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appears,

Nor winds, when firft your florid orchard blows,
Shake the light bloffoms from their blafted boughs!
This when the various God had urg'd in vain,
He straight affum'd his native form again;
Such, and fo bright an aspect now he bears,
As when thro' clouds th' emerging fun
And thence exerting his refulgent ray,
Difpels the darknefs, and reveals the day.
Force he prepar'd, but check'd the rash defign;
For when, appearing in a form divine,
The Nymph furveys him, and beholds the
grace
Of charming features, and a youthful face, 121
In her foft breaft confenting paffions move,
And the warm maid confefs'd a mutual love.

116

Hæc ubi nequicquam formas Deus aptus in

omnes,

Edidit; in juvenem rediit: et anilia demit
Inftrumenta fibi: talifque apparait illi,
Qualis ubi oppofitas nitidiffima, folis imago
Evicit nubes, nullaque obstarte reluxit.
Vimque parat: fed vi non eft opus; inque figura
Capta Dei Nympha eft, et, inritua vulnera fentit.

115

IMITATIONS

1

IMITATIONS of ENGLISH POETS.

Done by the Author in his Youth.

I.
CHAUCER.

W

OMEN ben full of ragerie,
Yet fwinken nat fans fecrefie.
Thilke moral fhall ye understond,
From schoole-boy's tale of fayre Irelond:
Which to thefe fennes hath him betake,
To filch the gray ducke fro the lake.
Right then, there paffen by the way
His aunt, and eke her daughters tway.
Ducke in his trowses hath he hent,
Not to be spied of ladies gent.
"But ho! our nephew," (crieth one),
"Ho!" quoth another, "Cozen John;"
And stoppen, and lough, and callen out,
This filly clerk full low doth lout:
They afken that, and talken this,
"Lo here is coz, and here is miss."
But, as he glozeth with speeches foote,
The ducke fore tickleth his erfe roote:
Fore-piece and buttons all-to-breft,
Forth thrust a white neck, and red creft.
Te-be, cry'd ladies; clerke nought fpake:
Mifs ftar'd; and gray ducke crieth Quaake.
"O moder, moder," (quoth the daughter),
"Be thilke fame thing maids longer a'ter?

1881

5

10

15

"Bette

"Bette is to pyne on coals and chalke,
"Than truft on mon, whofe yerde can talke,"

II.

SPENCER.

25

The ALLE Y.

I.

N ev'ry town, where Thamis rolls his tyde, A narrow país there is, with houses low; Where ever and anon the stream is ey'd, And many a boat foft fliding to and fro. There oft are heard the notes of infant-woe, 5 The fhort thick fob, loud fcream, and shriller fquall:

How can ye, mothers, vex your children fo? Some play, fome eat, fome cack against the wall, And as they crouchen low, for bread and butter call. II.

And on the broken pavement, here and there, 10
Doth many a stinking sprat and herring lie;
A brandy and tobacco shop is near,

And hens, and dogs, and hogs are feeding by; And here a failor's jacket hangs to dry. At ev'ry door are fun-burnt matrons seen, 15 Mending old nets to catch the fcaly fry; Now finging fhrill, and fcolding eft between; Scolds anfwer foul-mouth'd fcolds; bad neighbourhood I ween.

III.

The fnappish cur, (the paffengers annoy), Clofe at my heel with yelping treble flies; 20 The whimp'ring girl, and hoarfer-fcreaming boy, Join to the yelping treble fhrilling cries; The fcolding quean to louder notes doth rife, And her full pipes those shrillings cries confound; To her full pipes the grunting hog replies; 25 The grunting hogs alarm the neighbours round, And curs, girls, boys, and fcolds, in the deep base are drown'd.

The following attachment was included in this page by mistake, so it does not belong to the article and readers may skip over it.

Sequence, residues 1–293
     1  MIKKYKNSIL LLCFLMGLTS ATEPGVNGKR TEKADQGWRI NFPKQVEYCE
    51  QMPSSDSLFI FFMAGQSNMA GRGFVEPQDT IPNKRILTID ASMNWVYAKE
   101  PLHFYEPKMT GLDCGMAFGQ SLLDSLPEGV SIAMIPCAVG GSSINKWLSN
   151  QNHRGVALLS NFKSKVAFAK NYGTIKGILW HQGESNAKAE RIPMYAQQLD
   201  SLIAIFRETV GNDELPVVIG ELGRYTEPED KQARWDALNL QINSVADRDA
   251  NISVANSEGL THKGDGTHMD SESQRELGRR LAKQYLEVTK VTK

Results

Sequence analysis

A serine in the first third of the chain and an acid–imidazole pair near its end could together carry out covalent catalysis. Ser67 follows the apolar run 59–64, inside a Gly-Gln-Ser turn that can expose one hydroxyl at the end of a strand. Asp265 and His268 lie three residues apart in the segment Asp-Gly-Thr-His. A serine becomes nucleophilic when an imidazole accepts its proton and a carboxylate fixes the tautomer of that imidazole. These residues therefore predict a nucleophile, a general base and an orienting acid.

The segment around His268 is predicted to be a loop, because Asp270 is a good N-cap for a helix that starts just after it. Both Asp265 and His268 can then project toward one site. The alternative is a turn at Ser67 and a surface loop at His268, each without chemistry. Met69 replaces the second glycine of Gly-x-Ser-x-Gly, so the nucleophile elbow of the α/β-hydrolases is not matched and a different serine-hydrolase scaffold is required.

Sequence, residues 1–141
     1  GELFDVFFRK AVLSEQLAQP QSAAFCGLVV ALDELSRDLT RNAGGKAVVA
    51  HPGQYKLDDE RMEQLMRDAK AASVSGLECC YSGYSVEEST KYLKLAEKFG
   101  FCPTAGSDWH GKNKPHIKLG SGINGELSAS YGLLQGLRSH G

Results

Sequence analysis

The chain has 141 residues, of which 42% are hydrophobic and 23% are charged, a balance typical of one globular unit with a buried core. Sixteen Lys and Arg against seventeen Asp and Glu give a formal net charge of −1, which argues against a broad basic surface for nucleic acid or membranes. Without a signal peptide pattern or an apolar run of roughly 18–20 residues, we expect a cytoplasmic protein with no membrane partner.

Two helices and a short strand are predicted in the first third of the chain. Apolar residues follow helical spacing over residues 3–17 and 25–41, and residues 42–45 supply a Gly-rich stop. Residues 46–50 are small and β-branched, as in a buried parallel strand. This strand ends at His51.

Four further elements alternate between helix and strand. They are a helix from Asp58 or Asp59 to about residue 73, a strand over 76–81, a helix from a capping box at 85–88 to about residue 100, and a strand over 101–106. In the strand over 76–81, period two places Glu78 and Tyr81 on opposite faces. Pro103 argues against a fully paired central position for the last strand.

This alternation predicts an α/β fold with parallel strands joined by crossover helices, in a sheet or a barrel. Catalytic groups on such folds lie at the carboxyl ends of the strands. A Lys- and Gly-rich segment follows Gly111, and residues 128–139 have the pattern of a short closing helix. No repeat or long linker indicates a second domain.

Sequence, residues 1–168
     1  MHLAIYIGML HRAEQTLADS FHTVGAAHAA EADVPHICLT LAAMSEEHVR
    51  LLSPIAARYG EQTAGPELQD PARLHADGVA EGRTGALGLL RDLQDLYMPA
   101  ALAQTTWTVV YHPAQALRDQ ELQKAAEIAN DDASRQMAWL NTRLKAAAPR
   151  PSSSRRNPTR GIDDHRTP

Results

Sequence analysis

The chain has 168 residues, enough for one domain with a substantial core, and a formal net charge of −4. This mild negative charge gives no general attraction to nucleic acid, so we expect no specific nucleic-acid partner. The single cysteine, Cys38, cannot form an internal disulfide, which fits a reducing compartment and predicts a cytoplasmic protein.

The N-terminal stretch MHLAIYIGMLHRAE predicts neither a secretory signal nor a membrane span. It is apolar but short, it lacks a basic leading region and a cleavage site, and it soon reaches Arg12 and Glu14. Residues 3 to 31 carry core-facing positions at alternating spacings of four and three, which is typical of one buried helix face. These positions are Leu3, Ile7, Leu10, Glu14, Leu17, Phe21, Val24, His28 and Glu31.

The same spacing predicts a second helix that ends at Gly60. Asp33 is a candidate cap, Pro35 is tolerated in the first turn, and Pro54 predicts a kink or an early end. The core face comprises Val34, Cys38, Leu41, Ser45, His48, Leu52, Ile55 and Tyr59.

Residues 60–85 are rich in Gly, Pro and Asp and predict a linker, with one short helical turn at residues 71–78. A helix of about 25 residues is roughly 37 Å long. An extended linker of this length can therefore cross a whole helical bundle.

IV.

Hard by a fty, beneath a roof of thatch,
Dwelt Obloquy, who in her early days
Baskets of fish at Billingfgate did watch,
Cod, whiting, oyfter, mackrel, fprat, or plaice:
There learn'd the fpeech from tongues that never
cease.

30

Slander befide her, like a magpye, chatters, With Envy, (fpitting cat), dread foe to peace; Like a curs'd cur, Malice before her clatters, 35 And vexing ev'ry wight, tears clothes and all to

tatters.

V. Her dugs were mark'd by ev'ry collier's hand, Her mouth was black as bull-dogs at the stall: She fcratched, bit, and spar'd ne lace ne band, And bitch and rogue her anfwer was to all; 40 Nay, e'en the parts of shame by name would call: Yea, when the paffed by or lane or nook, Would greet the man who turn'd him to the wall, And by his hand obfcene the porter took, Nor ever did afkance like modest virgin look. 45

VI

VI.

Such place hath Deptford, navy-building town,
Woolwich and Wapping, smelling strong of pitch;
Such Lambeth, envy of each band and gown,
And Twick'nam fuch, which fairer scenes enrich,
Grots, ftatues, urns, and Jo----n's Dog and Bitch,
Ne village is without, on either fide,
51
All up the filver Thames, or all adown;
Ne Richmond's felf, from whose tall front are ey'd
Vales, fpires, meand'ring ftreams, and Windfor's
tow'ry pride.

III.

WALLER.

Of a LADY finging to her LUTE.

FAIR charmer, ceafe, nor make your voice's

prize,

A heart refign'd, the conqueft of your eyes:
Well might, alas! that threaten'd veffel fail,
Which winds and lightning both at once affail.
We were too blefs'd with these inchanting lays, 5
Which must be heav'nly when an angel plays :
But killing charms your lover's death contrive,
Left heav'nly mufic fhould be heard alive.
Orpheus could charm the trees; but thus a tree,
Taught by your hand, can charm no less than he:
A poet made the filent wood purfue,
This vocal wood had drawn the poet too.

IL

ON

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